During the court proceedings, it was alleged that Shell eventually broke off direct negotiations with Etete when it found out that the son of General Sani Abacha, the dictator of Nigeria until his death in 1998, had claimed that he was the rightful owner of a percentage of Malabu, which was set up as a limited Nigerian company during his father’s rule.

Following more negotiations, in April 2011 Shell and Eni agreed to pay US$1.1 billion to the Government of Nigeria, which itself had an agreement to pay exactly the same amount to Malabu. Global Witness believes that this was structured primarily as a way of allowing Shell and Eni to claim that it had not struck a deal with Etete. The High Court proceedings and other evidence seen by Global Witness reveal that, in reality, Shell and its partner in this deal, Eni, were aware and in agreement that the deal was for the benefit of Malabu, and had met with Etete face-to-face on several occasions.

Shell chose not to reply to Global Witness’ specific questions on alleged meetings with Etete and the knowledge of its senior management of those meetings. Instead, it responded by saying that Shell reached a settlement with the Government of Nigeria. In Global Witness’ opinion this is disingenuous, because the deal to acquire OPL245 resulted in a huge payment that Shell knew was ultimately going to Etete’s company. Shell added in relation to the allegations made in the High Court case: “we can confirm that neither [Shell’s Nigerian subsidiary] SNEPCo nor any other Shell company is party to those proceedings and, as a consequence, we cannot comment on any statements or allegations made in the course of those proceedings.”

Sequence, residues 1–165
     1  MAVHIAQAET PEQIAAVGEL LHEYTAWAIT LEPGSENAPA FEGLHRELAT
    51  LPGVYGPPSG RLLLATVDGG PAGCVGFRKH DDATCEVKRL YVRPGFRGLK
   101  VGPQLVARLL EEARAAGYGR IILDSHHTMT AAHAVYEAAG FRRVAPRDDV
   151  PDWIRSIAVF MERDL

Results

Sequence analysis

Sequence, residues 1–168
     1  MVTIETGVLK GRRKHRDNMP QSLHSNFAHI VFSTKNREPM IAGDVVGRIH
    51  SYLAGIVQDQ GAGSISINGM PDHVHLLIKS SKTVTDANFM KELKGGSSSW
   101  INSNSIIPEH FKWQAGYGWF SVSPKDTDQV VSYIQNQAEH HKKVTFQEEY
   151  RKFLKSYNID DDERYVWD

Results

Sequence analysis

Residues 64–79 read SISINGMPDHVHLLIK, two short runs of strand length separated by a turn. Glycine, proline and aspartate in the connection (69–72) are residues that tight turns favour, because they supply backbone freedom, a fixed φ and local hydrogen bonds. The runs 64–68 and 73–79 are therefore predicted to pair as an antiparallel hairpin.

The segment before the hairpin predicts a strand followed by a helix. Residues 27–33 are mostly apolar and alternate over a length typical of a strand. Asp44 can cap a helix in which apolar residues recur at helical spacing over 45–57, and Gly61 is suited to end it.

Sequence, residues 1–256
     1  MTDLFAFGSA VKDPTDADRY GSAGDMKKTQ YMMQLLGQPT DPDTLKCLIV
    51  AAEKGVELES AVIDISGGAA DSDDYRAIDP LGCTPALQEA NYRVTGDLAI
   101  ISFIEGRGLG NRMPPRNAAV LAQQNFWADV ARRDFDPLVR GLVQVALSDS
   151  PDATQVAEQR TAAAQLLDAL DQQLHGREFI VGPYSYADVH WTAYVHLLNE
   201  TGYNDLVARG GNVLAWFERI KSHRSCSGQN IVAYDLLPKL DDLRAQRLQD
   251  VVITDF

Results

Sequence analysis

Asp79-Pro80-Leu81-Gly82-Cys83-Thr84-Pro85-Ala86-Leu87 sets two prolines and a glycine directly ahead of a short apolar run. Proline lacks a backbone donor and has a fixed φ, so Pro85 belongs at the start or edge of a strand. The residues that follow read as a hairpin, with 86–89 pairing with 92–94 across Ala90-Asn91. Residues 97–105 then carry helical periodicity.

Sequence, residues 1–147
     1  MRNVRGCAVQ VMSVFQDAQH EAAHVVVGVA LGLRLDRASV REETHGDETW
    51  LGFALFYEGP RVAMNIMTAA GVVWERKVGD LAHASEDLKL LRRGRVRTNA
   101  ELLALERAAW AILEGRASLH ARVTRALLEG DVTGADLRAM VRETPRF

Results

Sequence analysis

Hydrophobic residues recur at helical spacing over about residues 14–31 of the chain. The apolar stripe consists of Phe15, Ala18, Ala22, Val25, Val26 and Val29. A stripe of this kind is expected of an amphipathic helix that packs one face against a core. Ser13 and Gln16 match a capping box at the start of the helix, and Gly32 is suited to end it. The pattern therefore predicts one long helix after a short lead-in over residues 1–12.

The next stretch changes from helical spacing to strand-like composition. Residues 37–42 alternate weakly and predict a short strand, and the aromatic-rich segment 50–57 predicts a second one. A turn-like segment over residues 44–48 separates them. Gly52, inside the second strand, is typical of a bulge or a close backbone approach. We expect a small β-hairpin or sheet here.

Simon Taylor of Global Witness commented: “Shell and Eni’s claim that they did not do a deal with Malabu fails to address the question of their knowledge of where the payment was ultimately going. They also fail to explain their apparent extensive direct dealings with Etete. Both companies appeared to enjoy rather lavish meals with Etete, and ended up taking part in an arrangement that, in the absence of a better explanation, looks like an attempt to conceal their US$1.1 billion deal with Abacha’s money laundering convicted oil minister. Both companies should be laughed out of the building if they attempt to challenge the new EU Directive on transparency or the existing US transparency laws.”

Contact: Simon Taylor: mobile: +44 (0)7957 142 121; or Thomas Mayne: landline: +44 (0)20 7492 5864, or mobile: +44 (0)7939 460357; or Brendan O’Donnell: landline +44(0)207492 5898, or mobile: +44(0)7912 517 128


[1] In addition to Shell’s opposition to EU efforts to require project-by-project reporting as part of the proposed Transparency Directive, as a member of the American Petroleum Institute (API), the company is supporting a lawsuit filed by the API that seeks to completely strike out Provision 1504 of the Dodd-Frank Act that was signed into law by President Obama in July 2010.

Global Witness investigates and campaigns to prevent natural resource-related conflict and corruption and associated environmental and human rights abuses 


*This sentence was amended 20 March 2013 following an email from Royal Dutch Shell plc.